Are you planning to climate control your RV for a better camping experience? Does it confuse you whether the heating and cooling of your RV are different from that of your home? If yes, read along to discover all about installing the best possible climate control in your RV. Also, let’s find out RV Heat Pump vs Air conditioner, which one is better for you.
You need to have the above information to power your RV accordingly, as temperature control is not an easy job when it comes to your home on wheels. We will begin this article with an analysis of how heating and cooling an RV works, how you can make it more power-efficient, and which of the two, heat pump or AC, are more suitable for you.
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How to Make Temperature Control in an RV Work Better?
Many beginner campers often rely solely on propane tanks and electricity to control the temperature of their RVs. Not only is this expensive, but it also shows a lack of skill as an RV owner. The experienced owners know how to use the cooling and heating mechanisms economically while keeping the RV running.
First of all, you should bid farewell to the cab ACs and heat pumps for your RV and install rooftop units instead. They are believed to be more energy-efficient and long-lasting. Plus, they use the energy from your power sources rather than the vehicle’s batteries.
When you want to cool down the RV, park it next to a tree and then cast all possible shade to cover the windows and windshields. This will allow cooling systems to work more efficiently.
Have a couple of vent fans installed in your RV as backups because sometimes the solar power might not be recharged enough to power your cooling systems.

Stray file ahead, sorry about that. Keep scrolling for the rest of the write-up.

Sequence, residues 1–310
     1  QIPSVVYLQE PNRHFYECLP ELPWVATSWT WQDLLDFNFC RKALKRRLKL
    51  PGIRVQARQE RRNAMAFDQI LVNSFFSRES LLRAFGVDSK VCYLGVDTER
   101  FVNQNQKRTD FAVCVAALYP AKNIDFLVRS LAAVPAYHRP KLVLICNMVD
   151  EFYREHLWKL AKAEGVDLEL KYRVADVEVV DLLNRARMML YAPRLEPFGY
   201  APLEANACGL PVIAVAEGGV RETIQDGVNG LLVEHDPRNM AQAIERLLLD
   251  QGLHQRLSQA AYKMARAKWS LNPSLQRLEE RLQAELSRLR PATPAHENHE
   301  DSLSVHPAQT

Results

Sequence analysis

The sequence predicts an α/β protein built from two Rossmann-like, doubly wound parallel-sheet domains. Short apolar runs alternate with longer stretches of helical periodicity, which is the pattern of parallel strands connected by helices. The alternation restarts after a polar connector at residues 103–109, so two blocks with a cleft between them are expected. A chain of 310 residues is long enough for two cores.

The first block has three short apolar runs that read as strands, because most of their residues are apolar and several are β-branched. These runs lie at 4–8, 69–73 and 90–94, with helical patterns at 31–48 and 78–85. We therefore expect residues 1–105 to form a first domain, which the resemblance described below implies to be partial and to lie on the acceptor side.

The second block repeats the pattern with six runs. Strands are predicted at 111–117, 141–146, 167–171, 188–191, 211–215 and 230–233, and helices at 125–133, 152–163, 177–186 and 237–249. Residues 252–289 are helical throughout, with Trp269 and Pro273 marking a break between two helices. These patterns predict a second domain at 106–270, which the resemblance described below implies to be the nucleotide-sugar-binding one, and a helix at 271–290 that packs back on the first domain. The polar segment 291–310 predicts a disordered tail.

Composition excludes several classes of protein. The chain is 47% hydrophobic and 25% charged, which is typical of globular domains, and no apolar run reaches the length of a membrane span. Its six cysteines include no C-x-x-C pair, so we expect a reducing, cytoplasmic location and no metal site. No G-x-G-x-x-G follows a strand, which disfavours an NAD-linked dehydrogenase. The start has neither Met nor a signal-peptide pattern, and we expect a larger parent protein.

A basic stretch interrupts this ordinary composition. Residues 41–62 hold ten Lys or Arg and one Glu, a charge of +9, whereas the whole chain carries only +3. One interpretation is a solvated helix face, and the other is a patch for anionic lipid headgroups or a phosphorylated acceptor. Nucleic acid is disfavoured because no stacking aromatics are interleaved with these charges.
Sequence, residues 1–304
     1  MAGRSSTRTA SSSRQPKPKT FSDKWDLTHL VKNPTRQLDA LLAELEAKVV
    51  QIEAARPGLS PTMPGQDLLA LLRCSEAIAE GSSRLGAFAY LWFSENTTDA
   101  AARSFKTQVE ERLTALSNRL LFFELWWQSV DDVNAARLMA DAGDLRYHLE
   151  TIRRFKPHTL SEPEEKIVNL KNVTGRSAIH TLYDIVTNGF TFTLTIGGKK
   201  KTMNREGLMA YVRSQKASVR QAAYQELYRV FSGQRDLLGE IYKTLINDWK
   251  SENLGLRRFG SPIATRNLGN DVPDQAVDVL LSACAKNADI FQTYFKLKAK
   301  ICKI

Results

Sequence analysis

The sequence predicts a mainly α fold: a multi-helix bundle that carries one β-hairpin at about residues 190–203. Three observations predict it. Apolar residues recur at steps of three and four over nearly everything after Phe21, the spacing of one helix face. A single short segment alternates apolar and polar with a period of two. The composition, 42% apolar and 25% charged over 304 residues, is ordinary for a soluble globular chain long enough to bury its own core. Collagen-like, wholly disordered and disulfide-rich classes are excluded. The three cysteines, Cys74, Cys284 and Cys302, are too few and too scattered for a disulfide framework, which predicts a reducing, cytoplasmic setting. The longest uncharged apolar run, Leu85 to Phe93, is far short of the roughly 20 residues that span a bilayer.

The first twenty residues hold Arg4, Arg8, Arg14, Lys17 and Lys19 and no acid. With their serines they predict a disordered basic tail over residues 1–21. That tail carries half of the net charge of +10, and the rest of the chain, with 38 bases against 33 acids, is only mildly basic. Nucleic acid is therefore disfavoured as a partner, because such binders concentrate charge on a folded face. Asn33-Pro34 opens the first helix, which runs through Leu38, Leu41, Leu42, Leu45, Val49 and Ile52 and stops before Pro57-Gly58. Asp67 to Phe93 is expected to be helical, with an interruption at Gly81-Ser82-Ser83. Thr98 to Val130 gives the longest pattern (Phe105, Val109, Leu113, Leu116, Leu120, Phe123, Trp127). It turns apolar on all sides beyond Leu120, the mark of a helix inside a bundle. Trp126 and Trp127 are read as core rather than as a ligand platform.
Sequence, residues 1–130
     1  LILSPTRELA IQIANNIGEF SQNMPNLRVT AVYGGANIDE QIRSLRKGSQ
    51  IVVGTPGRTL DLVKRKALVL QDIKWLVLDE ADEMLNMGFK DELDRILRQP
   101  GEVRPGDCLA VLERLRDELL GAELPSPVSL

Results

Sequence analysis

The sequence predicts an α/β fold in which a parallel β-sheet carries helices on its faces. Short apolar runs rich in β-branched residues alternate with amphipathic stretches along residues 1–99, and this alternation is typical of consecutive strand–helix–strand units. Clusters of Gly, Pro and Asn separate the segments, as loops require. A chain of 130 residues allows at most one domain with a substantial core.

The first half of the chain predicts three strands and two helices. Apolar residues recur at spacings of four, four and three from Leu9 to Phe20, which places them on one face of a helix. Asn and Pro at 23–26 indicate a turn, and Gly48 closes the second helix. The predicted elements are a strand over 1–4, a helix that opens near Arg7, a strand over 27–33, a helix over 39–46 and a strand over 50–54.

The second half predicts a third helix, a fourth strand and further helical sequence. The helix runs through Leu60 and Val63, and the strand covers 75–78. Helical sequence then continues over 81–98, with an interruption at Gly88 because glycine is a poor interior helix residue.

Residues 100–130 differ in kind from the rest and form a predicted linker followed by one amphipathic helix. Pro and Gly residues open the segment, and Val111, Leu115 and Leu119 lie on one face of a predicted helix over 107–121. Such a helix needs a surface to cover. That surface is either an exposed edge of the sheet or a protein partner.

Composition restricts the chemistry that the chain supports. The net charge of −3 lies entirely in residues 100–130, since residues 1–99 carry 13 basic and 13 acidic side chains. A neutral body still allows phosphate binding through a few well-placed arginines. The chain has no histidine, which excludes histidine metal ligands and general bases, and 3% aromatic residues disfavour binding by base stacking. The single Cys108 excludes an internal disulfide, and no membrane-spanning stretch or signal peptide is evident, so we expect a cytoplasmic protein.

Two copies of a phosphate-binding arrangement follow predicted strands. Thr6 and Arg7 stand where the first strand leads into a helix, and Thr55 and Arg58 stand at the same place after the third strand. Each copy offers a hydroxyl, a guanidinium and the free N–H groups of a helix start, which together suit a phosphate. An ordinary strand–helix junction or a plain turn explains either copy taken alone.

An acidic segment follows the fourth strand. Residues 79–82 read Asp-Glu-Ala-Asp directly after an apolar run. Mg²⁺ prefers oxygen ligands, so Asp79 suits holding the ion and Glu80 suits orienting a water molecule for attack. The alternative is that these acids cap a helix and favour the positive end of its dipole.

Turn off the dash cooling units when going uphill as they can heat the engine, and you will end up stranded.
RV Heat Pumps Vs Air Conditioners: How do they work?
Essentially, both heat pumps and air conditioners can cool your RV. However, heat pumps can reverse their functionality, offering warmth when the weather is cold outside.
Air conditioners can only pump heat in one direction, from inside the van to outside. In comparison, a heat pump is an HVAC system that can pump heat from the outside to inside and vice versa when needed.
When an HVAC system pumps heat from inside to outside, it provides cooling. Vice versa, it provides heating in the RV.
The mechanism followed by all cooling devices such as heat pumps, air conditioners, and refrigerators is the same. They collect the heat and dispense it out so that only cool air is left inside of the vehicle.
For instance, your refrigerator has hot coils on the back, which are used to dispense heat. So, if you used to believe that all these devices add cool air to your surroundings, that isn’t the case. They subtract warm air to leave only cool air for you to stay cool even in the extreme heat.
When a heat pump starts heating, the warm air is collected from the outside and pumped inside the RV. Through this device, the outside environment is being cooled further.
If you are wondering where the warm air comes from when it is freezing outside? Warm air is not something which completely disappears from the atmosphere as there are still gases present which keep the air a little warm. It is precisely how the refrigerator keeps on cooling even when it is cold inside.
The heat pumps might fail in places that experience extreme winters. So, if you plan to visit someplace where the temperature drops in negative, we would advise you to opt for propane heaters. Although they consume an immense amount of fuel, they will keep you warm and help you survive winters.
If not furnaces, you can complement your ACs with HVAC systems meant for RV.
Similarities Between Heat Pump and AC